Eliseo Salazar

Full Name:
Eliseo Salazar Valenzuela
Born:
14th November 1954 (Age 64)
Santiago, Santiago Province
Nationality:
Chilean
Most recent race (in database):
Biography

Eliseo Salazar arrived in England in 1979 with previous success confined to Chilean touring cars and Formula Four in Argentina. He drove a Schick Ralt RT3-Toyota in British Formula 3 that year when one of the first to drive the new ground-effect car.

British Formula 1 and Grand Prix debut

Despite his inexperience, Salazar signed for RAM Racing to race in the 1980 Aurora British Formula 1 Championship. Armed with a pair of pristine Williams FW07-Fords, Salazar and team-mate Emilio de Villota were the pick of a weak field. Salazar won three times and finished as runner-up behind the Spaniard.

With a new found reputation and healthy Chilean sponsorship, Salazar graduated to the 1981 F1 World Championship with March as it returned to the category. However, the team was not competitive and Salazar only qualified once (at Imola) before moving to Ensign from the Spanish Grand Prix onwards. He improved during the season and finished sixth in the Dutch GP after a steady race.

Switch to ATS and RAM

Touted at the end of the year as a possible Lotus driver, he joined ATS for 1982 instead. He finished fifth in the San Marino GP when only 14 cars appeared but spent much of the season outperformed by flamboyant team-mate Manfred Winkelhock.

However, he hit the headlines while being lapped by race leader Nelson Piquet at Hockenheim. The cars collided and that prompted the frustrated Brazilian’s brief but televised attack on the backmarker. A 1983 move to RAM was a disaster. He qualified its unsorted March 01-Ford for the opening two GPs but quit after a run of four DNQs with his F1 career over.

Subsequent racing career

It took time for Salazar to return to mainstream single-seaters in the 1986 Formula 3000 Championship. The highlight was fourth position for Lola Motorsport in the rain-soaked crash-fest that was that year’s inaugural Birmingham Super Prix. It was his only points score in the series.

The 1990 Le Mans 24 Hours proved to be Salazar’s best but ultimately most frustrating opportunity to re-establish himself since F1. Chosen by the pre-race favourites Silk Cut Jaguar, he qualified the eventual winning car only not drive in the race after being replaced by the higher profile Martin Brundle whose sister car had retired early.

IMSA success with a Momo Ferrari 333SP during 1994 was followed by a final chance at open-wheel stardom. Salazar joined Dick Simon Racing for Champ Cars in 1995 and came from 33rd on the grid at Indianapolis to finish fourth. Team and driver switched to the new Indy Racing League but he crashed while practising for the inaugural race at Disney World. Salazar was trapped in the car for 30 minutes with a broken right thigh but he returned to qualify third and finish sixth at Indianapolis.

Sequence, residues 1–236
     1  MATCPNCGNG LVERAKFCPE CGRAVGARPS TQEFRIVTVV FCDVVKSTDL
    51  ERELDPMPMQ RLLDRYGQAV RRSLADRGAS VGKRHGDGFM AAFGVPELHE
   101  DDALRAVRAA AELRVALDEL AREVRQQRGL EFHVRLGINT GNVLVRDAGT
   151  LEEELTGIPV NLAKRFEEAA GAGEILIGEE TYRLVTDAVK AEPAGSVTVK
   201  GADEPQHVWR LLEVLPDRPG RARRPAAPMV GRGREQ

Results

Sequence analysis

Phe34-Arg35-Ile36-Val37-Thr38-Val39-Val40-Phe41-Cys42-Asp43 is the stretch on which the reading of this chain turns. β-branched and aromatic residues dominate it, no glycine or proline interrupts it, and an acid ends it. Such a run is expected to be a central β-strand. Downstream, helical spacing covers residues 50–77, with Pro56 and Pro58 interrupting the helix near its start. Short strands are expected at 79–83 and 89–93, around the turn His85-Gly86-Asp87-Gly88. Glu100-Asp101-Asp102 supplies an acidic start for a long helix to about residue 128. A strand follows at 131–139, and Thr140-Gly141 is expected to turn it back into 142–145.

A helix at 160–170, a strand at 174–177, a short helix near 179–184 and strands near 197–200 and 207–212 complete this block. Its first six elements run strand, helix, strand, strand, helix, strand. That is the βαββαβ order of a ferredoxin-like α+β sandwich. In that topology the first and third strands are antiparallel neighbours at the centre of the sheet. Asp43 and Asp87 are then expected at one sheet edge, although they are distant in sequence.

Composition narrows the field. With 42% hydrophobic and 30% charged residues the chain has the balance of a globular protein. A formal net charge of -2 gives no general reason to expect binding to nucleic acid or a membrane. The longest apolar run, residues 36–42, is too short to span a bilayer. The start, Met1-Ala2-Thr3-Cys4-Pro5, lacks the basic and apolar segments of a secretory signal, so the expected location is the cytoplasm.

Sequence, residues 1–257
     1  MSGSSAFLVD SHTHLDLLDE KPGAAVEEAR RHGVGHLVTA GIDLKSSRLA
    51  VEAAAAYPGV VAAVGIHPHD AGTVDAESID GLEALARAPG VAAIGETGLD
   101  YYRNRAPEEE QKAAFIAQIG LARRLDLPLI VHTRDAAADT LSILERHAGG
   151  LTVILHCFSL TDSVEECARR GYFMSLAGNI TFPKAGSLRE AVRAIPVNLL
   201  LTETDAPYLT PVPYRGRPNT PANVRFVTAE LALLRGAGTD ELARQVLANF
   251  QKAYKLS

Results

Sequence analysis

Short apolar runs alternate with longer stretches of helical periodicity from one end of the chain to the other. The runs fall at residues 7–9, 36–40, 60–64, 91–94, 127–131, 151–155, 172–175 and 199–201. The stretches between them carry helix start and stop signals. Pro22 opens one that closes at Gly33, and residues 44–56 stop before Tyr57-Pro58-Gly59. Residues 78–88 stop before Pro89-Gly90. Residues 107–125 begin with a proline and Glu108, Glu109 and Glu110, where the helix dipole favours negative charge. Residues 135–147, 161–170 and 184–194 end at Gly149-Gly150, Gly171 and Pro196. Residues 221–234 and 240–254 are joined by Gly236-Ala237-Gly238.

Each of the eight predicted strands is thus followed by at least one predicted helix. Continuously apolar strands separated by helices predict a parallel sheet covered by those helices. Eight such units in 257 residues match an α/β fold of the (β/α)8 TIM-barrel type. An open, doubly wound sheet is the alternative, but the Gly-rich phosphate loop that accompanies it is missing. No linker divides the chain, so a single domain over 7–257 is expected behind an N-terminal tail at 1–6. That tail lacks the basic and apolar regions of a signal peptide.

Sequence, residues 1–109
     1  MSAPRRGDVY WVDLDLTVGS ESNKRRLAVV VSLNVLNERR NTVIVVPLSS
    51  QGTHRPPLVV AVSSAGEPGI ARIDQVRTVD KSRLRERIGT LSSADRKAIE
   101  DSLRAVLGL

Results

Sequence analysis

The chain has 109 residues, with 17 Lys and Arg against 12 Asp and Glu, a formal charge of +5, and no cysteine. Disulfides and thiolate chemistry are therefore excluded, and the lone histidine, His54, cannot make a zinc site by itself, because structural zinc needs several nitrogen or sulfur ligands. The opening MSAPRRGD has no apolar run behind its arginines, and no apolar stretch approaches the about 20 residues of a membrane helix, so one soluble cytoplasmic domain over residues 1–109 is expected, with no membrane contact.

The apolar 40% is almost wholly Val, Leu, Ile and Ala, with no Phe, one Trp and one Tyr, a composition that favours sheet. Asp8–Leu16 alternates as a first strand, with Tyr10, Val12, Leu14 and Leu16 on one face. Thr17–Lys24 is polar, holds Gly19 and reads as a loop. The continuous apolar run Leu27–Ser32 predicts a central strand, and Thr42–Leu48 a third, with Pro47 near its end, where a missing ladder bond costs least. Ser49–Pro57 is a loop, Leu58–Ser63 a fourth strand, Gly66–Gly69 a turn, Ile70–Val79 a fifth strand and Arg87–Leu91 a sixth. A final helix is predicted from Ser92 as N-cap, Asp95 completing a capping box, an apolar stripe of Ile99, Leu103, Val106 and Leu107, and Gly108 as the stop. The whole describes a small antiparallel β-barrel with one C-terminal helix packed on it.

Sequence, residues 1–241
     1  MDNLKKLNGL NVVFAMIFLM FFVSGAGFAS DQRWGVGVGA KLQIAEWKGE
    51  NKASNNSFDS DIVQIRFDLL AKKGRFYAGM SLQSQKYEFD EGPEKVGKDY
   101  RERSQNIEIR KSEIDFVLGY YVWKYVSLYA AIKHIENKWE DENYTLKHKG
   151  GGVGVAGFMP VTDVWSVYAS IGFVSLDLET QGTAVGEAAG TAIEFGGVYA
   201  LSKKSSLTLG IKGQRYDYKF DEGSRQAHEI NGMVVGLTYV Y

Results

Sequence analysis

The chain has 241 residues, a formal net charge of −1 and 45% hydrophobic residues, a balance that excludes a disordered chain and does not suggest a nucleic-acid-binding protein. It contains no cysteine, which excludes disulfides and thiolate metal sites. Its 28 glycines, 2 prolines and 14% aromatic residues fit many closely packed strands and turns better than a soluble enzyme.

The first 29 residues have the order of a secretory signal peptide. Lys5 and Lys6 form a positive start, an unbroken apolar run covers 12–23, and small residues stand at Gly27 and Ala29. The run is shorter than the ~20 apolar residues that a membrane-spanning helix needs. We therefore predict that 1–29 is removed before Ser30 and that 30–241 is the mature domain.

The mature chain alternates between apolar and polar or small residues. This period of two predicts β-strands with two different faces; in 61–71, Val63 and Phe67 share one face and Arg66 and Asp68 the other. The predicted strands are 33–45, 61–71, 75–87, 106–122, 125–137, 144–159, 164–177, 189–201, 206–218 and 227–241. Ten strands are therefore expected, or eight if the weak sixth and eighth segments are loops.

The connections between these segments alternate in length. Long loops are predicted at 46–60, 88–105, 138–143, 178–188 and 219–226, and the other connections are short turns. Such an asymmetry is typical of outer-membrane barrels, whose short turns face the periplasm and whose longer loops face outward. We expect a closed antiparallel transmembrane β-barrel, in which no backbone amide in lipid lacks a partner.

His final season with the team in 1997 concluded with victory in the last round at Las Vegas with a Dallara IR7-Aurora. He joined A.J.Foyt Enterprises in 2000 and again qualified on the outside of the front row at Indianapolis. A career-best third in the 500, he was fourth in that year’s Indycar standings.

Second at Phoenix in the opening race of 2001, the following season was interrupted when he crashed in Turn 1 while testing at Indianapolis. He suffered serious chest injuries and although he returned three months later, 2002 was Salazar’s last Indycar season.

He has since competed in the 2005/06 GP Masters (a short-lived, made-for-television series for former F1 drivers), national rallying and the Dakar Rally.

Championship seasons

Season Name Starts Poles Podiums Wins Position Points
2006 Grand Prix Masters
Grand Prix Masters
2 0 0 0
0% win rate
0
2005 Grand Prix Masters
Grand Prix Masters
1 0 0 0
0% win rate
0
2002 Indy Racing League
AJ Foyt Enterprises
9 0 0 0
0% win rate
20th 157
2001 Indy Racing Northern Light Series
AJ Foyt Racing
13 0 2 0
0% win rate
5th 308
2000 Indy Racing Northern Light Series
AJ Foyt Racing
9 0 1 0
0% win rate
4th 210
1999 Pep Boys Indy Racing League
Nienhouse Motorsports
9 0 0 0
0% win rate
20th 137
1998 Pep Boys Indy Racing League
Riley & Scott Racing
PDM Racing
4 0 0 0
0% win rate
29th 60
1996/1997 Indy Racing League
Team Scandia
8 0 1 1
13% win rate
9th 208
1996 Indy Racing League
Team Scandia
1 0 0 0
0% win rate
25th 29
1996 PPG Indycar World Series
Team Scandia
4 0 0 0
0% win rate
30th 2
1995 PPG Indycar World Series
Dick Simon Racing
16 (1) 0 0 0
0% win rate
21st 19
1994 Exxon World Sports Car Series
Momo Corse
3 3 3 3 0
1990 World Sports-Prototype Championship
Spice Engineering
3 0 0 0 37th 1
1989 World Sports-Prototype Championship
Spice Engineering
7 0 0 0 55th 1
1988 World Sports-Prototype Championship
Spice Engineering
3 0 0 0 0
1987 FIA International F3000 Championship
Bromley Motorsport
Colin Bennett Racing
8 (3) 0 0 0
0% win rate
0
1986 FIA International F3000 Championship
Lola Motorsport
RAM Racing
6 (3) 0 0 0
0% win rate
19th 1.5
1983 F1 World Championship
RAM Automotive Team March
2 (4) 0 0 0
0% win rate
0
1983 World Endurance Championship
Colin Bennett Racing
1 0 0 0 0
1982 F1 World Championship
Team ATS
13 (3) 0 0 0
0% win rate
22nd 2
1982 World Endurance Championship
Dome Company
2 0 0 0 0
1981 F1 World Championship
March Grand Prix
Ensign Racing
9 (6) 0 0 0
0% win rate
18th 1
1980 Aurora AFX British F1 Championship
RAM Racing Team
12 6 5 3
25% win rate
2nd 52
1979 European F3 Championship
Schick Toyota Chilean Team
1 0 0 0
0% win rate
0